In the case of Hurricane Katrina, government failed to do its most essential job -- protecting people and property. Yes, state, local and federal officials failed to appreciate the severity and gravity of this storm and its aftermath, and failed to properly evacuate the citizens from New Orleans. But how does this add up to racism?
CNN's Jack Cafferty said, "Despite the many angles of this tragedy, and Lord knows there've been a lot of 'em in New Orleans, there is a great big elephant in the living room that the media seems content to ignore -- that would be, until now. . . . [We] in the media are ignoring the fact that almost all of the victims in New Orleans are black and poor."
CNN's Wolf Blitzer replied, " . . . You simply get chills every time you see these poor individuals, as Jack Cafferty just pointed out, so tragically, so many of these people, almost all of them that we see, are so poor, and they are so black, and this is gonna raise lots of questions for people who are watching this story unfold."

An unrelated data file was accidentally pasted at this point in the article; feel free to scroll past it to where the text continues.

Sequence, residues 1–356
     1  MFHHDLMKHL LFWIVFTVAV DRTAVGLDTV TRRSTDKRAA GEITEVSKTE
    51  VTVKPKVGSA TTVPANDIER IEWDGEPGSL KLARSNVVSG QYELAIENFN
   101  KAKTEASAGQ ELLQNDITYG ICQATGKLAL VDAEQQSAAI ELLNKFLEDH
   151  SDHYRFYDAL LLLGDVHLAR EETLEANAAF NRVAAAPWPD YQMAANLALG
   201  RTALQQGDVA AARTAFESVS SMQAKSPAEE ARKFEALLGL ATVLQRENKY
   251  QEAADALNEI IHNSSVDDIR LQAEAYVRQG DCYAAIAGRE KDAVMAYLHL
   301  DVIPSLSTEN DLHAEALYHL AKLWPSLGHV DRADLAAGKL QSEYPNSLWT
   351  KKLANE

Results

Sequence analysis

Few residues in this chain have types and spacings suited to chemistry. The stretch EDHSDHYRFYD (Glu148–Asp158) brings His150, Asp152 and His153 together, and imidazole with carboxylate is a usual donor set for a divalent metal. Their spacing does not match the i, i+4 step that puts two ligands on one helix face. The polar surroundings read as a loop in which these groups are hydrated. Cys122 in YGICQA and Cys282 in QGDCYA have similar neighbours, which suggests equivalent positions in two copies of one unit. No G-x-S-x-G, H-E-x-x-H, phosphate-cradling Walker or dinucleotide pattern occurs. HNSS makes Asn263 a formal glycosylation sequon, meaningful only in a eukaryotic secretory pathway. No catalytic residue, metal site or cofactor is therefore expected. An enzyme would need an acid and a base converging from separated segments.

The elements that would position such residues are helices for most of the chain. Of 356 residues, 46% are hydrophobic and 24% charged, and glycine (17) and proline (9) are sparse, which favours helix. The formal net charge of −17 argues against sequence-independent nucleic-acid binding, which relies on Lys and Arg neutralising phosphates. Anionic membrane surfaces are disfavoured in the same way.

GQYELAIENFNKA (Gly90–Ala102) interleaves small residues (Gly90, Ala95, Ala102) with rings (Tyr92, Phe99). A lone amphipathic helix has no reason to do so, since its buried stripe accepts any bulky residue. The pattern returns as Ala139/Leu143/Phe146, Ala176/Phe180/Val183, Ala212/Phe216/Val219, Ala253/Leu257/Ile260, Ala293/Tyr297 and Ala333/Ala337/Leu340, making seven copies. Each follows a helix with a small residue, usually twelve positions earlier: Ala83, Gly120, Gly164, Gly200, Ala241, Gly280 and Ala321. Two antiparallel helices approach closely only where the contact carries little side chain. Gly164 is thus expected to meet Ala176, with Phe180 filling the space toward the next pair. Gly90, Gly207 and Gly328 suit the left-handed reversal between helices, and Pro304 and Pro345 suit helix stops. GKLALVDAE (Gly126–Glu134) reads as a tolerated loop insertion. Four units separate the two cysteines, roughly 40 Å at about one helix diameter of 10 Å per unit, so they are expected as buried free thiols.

Fox's Shepard Smith described citizens of New Orleans stranded on an Interstate as possessing the face of an African-American man, woman, child or baby.
News anchors, once again, demonstrate their willingness, indeed eagerness, to find racism. A few years ago, a Time-CNN poll found that 89 percent of black teens experienced little or no racism in their own lives. White teens, however, believed racism against minorities a bigger problem than black teens did.
The so-called "black leaders," of course, led the race card parade. The Congressional Black Caucus's Rep. Diane Watson, D-Calif., described those suffering as "sons and daughters of slaves." NAACP attorney Damon Hewitt said, "If the majority of the folks left behind were white individuals, and most of the folks who were able to escape on their own were African Americans, then I wouldn't be sitting here right now. This is a racial story." Rapper Kanye West, at an NBC relief concert, screamed, "George Bush doesn't care about black people."